Cauce: First of all, athletes will keep their full scholarships whether they decide to go back on the field or not. So if any of our athletes are in a high-risk group or feel that they’d rather not play, we are not going to pull their scholarships. I want to be very, very clear about that. Also, even though football is getting all the headlines, we would never bring football back if we’re not looking at sports more generally. We’ve got women’s volleyball. We’ve got crew. It’s absolutely critical that we don’t make this decision just in terms of the revenue sports, but that we look at all our student athletes. In terms of how do we compensate our players, we’re looking at named image and likeness and are all in favor of finding ways to more adequately have our students profit from that. How do we do that in a way that makes sense, in a way that we can manage well?
Stripling: I’d love to hear from each of you, what’s the best advice you’ve gotten over the course of the pandemic?
Ambar: The best advice I could give is that people are hungering for institutions and leaders to show them that they care, that they have heart in all of these issues, whether it’s racial injustice or thinking about our campuses. They want to see the human side of your views and your perspective.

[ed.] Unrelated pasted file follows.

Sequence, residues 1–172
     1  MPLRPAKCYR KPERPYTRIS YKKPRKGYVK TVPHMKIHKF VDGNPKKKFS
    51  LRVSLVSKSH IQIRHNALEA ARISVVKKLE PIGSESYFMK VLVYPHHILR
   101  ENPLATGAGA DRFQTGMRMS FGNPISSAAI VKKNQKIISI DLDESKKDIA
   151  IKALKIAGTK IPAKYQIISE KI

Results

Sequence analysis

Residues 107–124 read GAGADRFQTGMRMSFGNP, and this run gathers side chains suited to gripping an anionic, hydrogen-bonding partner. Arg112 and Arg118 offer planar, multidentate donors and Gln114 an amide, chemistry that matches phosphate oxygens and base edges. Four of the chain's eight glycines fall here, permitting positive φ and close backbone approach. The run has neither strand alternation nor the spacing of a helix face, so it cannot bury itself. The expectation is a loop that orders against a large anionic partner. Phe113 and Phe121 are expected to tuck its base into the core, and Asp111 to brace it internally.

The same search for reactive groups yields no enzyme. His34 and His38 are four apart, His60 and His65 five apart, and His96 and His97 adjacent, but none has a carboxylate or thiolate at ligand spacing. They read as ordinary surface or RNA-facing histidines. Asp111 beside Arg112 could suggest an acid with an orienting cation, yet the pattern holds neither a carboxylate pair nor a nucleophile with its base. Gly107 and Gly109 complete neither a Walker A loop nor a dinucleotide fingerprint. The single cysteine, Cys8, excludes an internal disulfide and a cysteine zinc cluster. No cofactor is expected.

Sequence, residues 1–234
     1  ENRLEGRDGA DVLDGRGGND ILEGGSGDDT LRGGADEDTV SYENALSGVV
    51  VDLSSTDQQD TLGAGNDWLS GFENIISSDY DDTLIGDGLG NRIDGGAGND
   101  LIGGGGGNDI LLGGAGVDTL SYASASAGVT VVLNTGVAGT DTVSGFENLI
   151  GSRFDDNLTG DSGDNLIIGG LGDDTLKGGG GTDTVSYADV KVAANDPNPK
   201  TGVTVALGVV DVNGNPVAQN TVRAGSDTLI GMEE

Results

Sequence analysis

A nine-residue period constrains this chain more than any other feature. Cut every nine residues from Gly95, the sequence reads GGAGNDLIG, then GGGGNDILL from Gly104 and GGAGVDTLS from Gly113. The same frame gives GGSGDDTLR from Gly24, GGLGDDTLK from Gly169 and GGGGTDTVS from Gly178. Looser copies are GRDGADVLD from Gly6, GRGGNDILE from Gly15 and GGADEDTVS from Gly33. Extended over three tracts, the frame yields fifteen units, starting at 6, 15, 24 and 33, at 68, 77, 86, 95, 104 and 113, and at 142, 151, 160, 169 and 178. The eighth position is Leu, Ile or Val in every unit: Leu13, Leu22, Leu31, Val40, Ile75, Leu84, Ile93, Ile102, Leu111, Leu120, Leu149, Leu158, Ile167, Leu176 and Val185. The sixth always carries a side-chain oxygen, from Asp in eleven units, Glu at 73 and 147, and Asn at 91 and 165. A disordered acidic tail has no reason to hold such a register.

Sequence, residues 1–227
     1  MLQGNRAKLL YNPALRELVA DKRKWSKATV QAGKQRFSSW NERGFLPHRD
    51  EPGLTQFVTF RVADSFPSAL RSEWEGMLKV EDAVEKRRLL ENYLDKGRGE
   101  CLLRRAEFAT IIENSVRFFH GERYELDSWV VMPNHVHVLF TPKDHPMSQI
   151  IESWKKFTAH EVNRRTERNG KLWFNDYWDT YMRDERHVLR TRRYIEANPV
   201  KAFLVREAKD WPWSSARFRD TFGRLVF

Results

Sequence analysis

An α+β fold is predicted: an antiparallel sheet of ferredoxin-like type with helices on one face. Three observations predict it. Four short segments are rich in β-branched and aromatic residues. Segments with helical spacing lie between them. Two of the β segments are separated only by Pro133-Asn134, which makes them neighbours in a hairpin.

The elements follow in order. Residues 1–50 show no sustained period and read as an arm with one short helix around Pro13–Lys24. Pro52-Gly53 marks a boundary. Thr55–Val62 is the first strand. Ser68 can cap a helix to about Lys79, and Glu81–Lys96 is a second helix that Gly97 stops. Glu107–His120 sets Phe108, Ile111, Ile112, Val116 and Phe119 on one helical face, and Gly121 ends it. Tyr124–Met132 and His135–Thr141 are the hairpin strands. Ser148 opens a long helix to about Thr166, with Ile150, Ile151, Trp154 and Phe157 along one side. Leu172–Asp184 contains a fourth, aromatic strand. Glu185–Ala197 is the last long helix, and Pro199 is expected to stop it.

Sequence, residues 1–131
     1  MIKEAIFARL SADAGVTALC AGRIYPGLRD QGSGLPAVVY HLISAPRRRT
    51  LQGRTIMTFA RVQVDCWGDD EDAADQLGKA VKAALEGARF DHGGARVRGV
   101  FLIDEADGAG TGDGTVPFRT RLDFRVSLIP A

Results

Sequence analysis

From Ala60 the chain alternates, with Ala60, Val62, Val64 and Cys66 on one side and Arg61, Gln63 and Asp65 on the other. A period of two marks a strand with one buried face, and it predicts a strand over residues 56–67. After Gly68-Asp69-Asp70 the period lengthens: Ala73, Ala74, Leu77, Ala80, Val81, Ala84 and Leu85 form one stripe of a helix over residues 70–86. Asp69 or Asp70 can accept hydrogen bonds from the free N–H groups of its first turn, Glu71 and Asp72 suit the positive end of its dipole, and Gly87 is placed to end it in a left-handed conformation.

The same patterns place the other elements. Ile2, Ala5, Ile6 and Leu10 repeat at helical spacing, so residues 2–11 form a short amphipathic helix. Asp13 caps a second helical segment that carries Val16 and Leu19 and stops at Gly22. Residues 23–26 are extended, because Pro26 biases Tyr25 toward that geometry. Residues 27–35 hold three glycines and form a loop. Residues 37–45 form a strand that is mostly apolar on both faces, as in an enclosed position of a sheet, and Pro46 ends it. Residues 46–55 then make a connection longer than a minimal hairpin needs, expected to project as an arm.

Sometimes we can get into this rote way of being in the world that doesn’t reflect our humanity. We are all human beings on this earth trying to do somethingchallenging in a challenging moment in time. Let’s show our humanity first. People don’t expect us to be perfect. They expect to see our heart and us to do the best we can at every occasion. And when we do that, they will forgive when we get it wrong.
Stripling: Chancellor White, best advice you’ve gotten?
White: The role of the university has never been more important to keep people together and bring people together. The issue of equity is everywhere. It must remain at the top of the list of things that public and private higher education is designed to help solve in the days, weeks, and decades ahead.
STRIPLING: President Cauce?
CAUCE: It’s communicate, communicate, communicate. Keep on talking, keep the dialogue authentic, be honest, give people the best information you have, but let them know what information you don’t have. That way they can be active participants in the decision-making with you.